Betty: Analysis of Taylor Swift’s folklore (from larger post)

29 Aug

This is a more digestible portion of my album analysis:


Here, I have tried to analyze what and who each track of Folklore is about.  Which is complex because it’s not in a linear order.  Names are obscured.  Facts may be reality or story.  The narrator is unreliable.  And this whole thing is going to be from a Kaylor perspective, because that’s how the songs, and Taylor Swifts catalog as a whole makes the best sense to me.  I’ll show you what I mean.


14. Betty.

This is the song that unlocks the ‘high school love triangle’ angle of the album.  This is also the song that made most listeners stop and go, “hmmm, this song doesn’t seem super-straight…”  It’s from James’ perspective, and we know that because the person telling this song is invited into a car by name.

But I spy inconsistencies.  “Betty, one time I was riding my skateboard when I passed your house it’s like I can’t breathe.”  This might sound like a stereotype, and I apologize.  But I’ve known teenage guys, and the ones I have had contact with don’t have the emotional maturity to go breathless about a girl.  The ones I know might think a girl is cute, or have a crush, or want sex, but I’ve never known them at a teen age to get like, no breath about it.  That seems very female to me.  But I’m female, so it’s difficult to go outside my own perspective–just as it was probably difficult for Taylor.  And at the end, James put on Betty’s cardigan.  Does a guy wear his girlfriend’s sweater?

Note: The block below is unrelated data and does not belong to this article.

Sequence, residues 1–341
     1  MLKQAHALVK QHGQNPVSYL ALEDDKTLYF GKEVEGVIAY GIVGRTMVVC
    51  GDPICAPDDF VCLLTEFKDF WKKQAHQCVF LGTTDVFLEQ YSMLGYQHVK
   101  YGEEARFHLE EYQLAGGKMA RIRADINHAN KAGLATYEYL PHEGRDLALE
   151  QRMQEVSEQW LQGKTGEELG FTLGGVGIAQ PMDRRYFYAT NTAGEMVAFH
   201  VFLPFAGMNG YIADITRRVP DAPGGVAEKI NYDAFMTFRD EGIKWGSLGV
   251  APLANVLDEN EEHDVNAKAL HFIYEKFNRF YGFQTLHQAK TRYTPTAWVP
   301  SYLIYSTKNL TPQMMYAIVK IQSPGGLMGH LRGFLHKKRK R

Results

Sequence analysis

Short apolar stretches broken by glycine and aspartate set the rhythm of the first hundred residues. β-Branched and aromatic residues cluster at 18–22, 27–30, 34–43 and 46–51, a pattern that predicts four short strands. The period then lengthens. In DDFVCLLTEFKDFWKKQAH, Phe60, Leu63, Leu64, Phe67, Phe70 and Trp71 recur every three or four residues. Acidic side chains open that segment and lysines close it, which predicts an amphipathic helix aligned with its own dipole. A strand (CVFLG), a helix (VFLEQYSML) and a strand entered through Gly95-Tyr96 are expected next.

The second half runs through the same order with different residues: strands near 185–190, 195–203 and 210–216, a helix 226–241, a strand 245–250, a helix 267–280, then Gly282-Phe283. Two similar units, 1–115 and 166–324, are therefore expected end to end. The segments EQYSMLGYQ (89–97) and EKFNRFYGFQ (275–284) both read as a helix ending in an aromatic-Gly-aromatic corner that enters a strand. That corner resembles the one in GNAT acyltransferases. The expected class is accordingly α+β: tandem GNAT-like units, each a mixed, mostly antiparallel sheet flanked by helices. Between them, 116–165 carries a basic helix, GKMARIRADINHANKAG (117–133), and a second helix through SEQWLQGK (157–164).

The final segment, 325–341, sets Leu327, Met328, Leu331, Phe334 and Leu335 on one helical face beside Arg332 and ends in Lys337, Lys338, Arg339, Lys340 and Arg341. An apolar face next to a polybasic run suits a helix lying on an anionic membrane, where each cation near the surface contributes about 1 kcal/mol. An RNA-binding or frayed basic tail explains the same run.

Taylor was named after James Taylor.  And Karlie Elizabeth (Betty is a nickname for Elizabeth) Kloss is the other female in this story, Betty.  And Taylor mentions the cobblestones, streetlight, and also the garden of the romantic Lover album.  Hello, “Cruel Summer” fame “sneaking through your garden gate just to seal my fate” then in real life Karlie Kloss sells her condo, and featured in the real estate ad is a garden?  And there’s pictures of Taylor going in and out of a garden gate in that same neighborhood.

So yeah, there’s some high school kids mixed in this song.  And age of 17.  A gym and a school dance.  But that’s just the unreliable narrator again.  Taylor even confirms that she’s James in the “Cardigan” music video–she puts on that cardigan at the end.  And has a knowing look.  Yup, I’m James.